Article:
Wish Upon (2017) REVIEW: A Modern Take On An Old Lesson

Wish Upon

As the old saying goes, “Whenever you make a deal with the devil, remember – the devil always comes back for his pound of flesh.”

There’s plenty of room for that lesson in real life, but if you want to take an easier route, I’d suggest watching John R. Leonetti’s recent horror-thriller, Wish Upon.

After opening with a rather unfortunate incident involving a child witnessing her mother’s suicide, we meet a father and daughter who are down on their luck. Clare Shannon, played by Joey King, is a Plain Jane who can’t catch a break in high school while her father, played by the horror-thriller veteran Ryan Phillippe, collects scrap metal for a living. Clare struggles with the ups-and-downs of teenage life until her father brings home an artifact lined with ancient Mandarin symbols.

The artifact turns out to be an ancient Chinese wish box, which allows Clare to make seven wishes. After seeing her first wish come true (i.e. her main high school predator suffering a horrible injury), Clare proceeds to wish for the usual riches of teenage life – a hot boyfriend, a luxurious mansion, and all-around popularity. Unbeknownst to her, the wish box comes with a devastating exchange; for every wish, there is a blood debt to pay off. One freak accident occurs after the next until all Hell breaks loose.

It’s safe to say that good horror movies are hard to come by nowadays. “Wish Upon” is certainly no masterpiece in any sense of the word, but for what its worth, it’s not bad at all. The cast largely consists of teenagers, some of whom are clearly novices in their careers, but all give good performances that leave you wishing for their circumstances to either improve or diminish, given the choices they make as characters. As for the horror elements, the film has a decent combination of jump scares and ominous build-ups that usually pay off. Violence and the occasional gore leave their marks, but there’s nothing gratuitous or over-the-top with any of it.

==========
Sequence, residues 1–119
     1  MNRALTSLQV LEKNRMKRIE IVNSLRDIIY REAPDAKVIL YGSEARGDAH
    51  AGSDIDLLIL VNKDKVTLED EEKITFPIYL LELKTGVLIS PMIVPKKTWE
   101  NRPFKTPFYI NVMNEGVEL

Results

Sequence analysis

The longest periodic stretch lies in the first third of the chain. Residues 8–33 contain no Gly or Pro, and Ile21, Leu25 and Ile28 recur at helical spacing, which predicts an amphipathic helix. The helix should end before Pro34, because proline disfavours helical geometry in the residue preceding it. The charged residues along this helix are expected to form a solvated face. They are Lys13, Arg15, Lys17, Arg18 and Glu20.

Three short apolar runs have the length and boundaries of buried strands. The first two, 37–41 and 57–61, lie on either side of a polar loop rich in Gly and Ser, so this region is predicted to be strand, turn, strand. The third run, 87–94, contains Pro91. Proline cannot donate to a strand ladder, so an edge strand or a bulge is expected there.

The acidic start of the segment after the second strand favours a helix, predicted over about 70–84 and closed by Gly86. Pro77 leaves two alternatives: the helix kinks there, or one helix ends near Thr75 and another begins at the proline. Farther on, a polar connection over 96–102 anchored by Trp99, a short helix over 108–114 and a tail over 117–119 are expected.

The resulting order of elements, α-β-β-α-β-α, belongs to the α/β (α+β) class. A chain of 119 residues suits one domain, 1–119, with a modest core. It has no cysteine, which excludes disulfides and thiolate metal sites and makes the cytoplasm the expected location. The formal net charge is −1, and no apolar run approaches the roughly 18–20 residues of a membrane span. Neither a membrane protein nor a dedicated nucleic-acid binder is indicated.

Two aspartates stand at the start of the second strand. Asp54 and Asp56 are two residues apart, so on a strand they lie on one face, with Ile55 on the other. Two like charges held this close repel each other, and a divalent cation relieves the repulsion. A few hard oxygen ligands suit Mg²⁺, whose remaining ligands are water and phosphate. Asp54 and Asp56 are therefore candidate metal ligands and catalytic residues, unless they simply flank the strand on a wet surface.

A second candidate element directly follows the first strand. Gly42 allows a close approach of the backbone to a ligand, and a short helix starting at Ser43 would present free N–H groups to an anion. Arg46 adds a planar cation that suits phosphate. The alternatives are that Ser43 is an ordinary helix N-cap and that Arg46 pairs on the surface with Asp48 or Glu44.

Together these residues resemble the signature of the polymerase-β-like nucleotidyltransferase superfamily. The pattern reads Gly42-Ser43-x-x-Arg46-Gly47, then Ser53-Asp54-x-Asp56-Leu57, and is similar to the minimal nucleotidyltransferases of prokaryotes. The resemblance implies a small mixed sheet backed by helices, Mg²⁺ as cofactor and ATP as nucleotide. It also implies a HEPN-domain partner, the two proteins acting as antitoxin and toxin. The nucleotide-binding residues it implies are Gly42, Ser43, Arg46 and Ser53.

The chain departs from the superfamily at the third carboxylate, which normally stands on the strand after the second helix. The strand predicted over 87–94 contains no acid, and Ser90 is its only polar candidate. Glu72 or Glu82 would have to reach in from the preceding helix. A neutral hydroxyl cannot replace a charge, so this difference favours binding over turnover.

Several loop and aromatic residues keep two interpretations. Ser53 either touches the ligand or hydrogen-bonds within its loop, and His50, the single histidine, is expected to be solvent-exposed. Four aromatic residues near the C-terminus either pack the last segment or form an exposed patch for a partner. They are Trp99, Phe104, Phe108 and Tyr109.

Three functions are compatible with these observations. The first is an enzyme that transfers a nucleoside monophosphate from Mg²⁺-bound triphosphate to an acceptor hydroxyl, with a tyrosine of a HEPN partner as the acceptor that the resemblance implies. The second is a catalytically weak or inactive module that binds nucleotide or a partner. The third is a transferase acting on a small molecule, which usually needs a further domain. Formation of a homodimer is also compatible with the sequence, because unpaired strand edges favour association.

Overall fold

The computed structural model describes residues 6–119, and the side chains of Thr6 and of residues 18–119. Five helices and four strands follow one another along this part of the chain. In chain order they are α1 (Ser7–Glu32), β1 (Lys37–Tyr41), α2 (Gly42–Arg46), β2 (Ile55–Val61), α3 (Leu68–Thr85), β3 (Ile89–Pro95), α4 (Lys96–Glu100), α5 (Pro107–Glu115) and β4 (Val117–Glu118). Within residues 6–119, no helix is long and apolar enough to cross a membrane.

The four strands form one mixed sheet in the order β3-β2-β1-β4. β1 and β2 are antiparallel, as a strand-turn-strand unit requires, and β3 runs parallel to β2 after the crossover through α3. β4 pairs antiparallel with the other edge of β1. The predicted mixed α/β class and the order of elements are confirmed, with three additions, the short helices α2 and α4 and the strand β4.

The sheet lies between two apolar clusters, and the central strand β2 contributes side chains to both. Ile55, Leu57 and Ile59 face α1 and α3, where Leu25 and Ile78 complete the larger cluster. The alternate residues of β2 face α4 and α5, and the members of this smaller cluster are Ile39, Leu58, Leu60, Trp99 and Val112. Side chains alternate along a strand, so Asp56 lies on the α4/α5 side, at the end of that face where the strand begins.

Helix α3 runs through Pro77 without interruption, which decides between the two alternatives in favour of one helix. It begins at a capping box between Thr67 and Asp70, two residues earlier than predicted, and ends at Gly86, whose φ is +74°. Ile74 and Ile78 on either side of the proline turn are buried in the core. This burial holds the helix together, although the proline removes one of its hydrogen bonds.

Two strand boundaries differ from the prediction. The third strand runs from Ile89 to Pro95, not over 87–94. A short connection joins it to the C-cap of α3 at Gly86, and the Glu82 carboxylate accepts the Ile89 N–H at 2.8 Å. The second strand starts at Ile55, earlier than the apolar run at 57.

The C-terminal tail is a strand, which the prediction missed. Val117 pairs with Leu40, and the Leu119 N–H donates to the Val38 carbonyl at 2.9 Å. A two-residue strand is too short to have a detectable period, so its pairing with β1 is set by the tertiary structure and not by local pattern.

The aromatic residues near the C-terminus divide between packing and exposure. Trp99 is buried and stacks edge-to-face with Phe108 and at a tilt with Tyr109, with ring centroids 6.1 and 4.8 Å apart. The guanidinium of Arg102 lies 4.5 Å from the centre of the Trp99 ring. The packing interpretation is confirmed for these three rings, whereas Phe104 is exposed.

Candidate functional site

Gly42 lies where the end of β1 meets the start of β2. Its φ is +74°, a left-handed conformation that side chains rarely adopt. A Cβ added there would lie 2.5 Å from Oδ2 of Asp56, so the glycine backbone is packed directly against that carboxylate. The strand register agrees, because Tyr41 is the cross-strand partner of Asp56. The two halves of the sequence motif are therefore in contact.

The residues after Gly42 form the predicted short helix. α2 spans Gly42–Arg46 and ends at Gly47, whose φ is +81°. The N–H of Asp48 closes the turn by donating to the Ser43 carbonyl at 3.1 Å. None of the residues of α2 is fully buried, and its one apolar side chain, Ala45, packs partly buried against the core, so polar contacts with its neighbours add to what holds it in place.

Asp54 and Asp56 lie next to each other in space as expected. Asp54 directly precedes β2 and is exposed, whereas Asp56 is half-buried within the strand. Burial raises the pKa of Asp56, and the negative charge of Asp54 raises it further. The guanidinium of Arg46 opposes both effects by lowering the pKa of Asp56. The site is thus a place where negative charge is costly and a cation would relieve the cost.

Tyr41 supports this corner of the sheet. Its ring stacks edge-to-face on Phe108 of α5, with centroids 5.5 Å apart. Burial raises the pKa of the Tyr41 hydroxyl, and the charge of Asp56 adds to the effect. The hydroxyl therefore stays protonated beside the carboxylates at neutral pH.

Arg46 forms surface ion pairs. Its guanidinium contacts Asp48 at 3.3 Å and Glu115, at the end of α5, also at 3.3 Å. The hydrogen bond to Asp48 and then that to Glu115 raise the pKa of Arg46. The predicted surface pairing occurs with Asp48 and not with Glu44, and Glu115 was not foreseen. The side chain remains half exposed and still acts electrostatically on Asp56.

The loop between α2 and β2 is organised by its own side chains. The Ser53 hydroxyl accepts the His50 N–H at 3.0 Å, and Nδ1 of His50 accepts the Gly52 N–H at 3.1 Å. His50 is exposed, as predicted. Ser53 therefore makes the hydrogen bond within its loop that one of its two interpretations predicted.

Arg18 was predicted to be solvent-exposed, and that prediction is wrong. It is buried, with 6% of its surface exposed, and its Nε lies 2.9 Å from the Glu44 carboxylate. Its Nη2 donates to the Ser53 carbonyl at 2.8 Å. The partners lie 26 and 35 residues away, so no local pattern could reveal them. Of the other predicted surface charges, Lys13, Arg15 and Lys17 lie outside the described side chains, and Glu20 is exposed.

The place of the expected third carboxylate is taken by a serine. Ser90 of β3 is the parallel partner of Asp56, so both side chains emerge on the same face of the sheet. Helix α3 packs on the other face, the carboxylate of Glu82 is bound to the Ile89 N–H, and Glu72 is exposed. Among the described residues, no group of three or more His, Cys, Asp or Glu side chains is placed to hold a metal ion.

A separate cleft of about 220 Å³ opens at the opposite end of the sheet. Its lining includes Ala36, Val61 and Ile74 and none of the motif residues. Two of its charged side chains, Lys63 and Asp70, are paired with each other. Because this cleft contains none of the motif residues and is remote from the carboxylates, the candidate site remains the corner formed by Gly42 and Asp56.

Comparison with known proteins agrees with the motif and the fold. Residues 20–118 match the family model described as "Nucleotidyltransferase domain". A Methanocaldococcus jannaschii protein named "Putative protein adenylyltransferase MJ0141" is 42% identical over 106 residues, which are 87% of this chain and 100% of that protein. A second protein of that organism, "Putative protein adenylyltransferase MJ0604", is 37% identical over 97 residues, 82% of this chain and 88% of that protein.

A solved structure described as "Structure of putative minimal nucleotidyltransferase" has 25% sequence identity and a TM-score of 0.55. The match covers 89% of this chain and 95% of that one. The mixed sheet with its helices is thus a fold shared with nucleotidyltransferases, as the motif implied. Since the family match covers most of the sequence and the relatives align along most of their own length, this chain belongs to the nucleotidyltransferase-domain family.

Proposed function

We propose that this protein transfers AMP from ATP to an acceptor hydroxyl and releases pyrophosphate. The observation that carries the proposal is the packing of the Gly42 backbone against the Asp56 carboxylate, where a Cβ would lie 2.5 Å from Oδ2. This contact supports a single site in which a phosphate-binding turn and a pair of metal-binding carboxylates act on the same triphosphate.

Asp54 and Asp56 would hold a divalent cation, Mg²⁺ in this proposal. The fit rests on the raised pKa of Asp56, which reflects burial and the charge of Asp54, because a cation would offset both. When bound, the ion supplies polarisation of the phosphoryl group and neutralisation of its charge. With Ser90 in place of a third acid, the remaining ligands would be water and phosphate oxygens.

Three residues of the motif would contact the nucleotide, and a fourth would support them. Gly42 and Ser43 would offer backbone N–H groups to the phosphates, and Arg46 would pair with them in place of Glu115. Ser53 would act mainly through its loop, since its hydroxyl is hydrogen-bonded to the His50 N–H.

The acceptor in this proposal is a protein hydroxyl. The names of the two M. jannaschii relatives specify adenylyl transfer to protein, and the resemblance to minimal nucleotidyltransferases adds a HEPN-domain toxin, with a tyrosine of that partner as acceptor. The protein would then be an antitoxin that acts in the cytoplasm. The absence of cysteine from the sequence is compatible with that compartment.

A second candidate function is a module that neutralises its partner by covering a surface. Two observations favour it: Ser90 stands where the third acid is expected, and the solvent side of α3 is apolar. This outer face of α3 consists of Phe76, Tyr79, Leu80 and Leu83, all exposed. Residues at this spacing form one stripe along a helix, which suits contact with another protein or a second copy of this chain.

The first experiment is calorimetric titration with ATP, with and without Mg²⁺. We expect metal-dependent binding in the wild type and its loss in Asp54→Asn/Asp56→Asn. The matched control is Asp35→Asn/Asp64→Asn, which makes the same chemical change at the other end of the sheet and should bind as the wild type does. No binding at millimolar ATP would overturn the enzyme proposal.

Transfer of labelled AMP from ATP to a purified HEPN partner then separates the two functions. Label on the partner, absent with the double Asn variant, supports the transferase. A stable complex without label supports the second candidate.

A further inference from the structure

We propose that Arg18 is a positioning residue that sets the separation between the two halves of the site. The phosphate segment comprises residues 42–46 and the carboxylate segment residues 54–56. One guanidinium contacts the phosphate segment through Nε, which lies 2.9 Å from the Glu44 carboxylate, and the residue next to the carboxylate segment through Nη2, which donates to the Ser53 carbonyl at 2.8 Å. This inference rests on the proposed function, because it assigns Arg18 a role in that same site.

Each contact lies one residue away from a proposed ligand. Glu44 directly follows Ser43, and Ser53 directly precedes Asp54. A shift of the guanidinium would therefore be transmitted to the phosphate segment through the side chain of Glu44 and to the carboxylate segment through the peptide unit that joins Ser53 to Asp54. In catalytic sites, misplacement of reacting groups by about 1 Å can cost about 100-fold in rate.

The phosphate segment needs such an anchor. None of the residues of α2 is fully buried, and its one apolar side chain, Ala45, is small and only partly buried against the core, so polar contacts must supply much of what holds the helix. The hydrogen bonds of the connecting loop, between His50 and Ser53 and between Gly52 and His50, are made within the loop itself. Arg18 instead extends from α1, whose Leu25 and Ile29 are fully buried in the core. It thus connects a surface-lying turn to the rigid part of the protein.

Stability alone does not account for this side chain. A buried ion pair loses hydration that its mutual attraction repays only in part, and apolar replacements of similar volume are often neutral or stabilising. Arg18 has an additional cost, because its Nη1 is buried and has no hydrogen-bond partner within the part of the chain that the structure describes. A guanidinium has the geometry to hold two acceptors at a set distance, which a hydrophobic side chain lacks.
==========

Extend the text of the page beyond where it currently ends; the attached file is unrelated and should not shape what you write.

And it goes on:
On the downside, the pacing feels a little rushed in places, especially toward the middle. One scene will have a character meet an awful demise, then the very next will have someone saying, “So-and-so died a few days ago.” I ain’t a screenwriter or anything, but in a situation like this, I believe we need a scene between said segments to help A lead to C, thereby making a more effective impact. None of the actors are at fault on this one. This is where the editing comes into play, and that’s always a draining task. I sense there’s likely a good amount of deleted scenes for Wish Upon, which might account for the rushed pacing. Until then, that’s the biggest flaw keeping this movie from being truly great.

Though far from perfect, I’d say Wish Upon makes for a decent movie if you and your friends need something to watch one night. It’s a pretty well-balanced thriller with an echoing of a simple message – especially for your teen crowd.

Be careful what you wish for, you little shit.

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Wish Upon
Wish Upon is not a bad attempt a horror-thriller, though it gets rushed in places.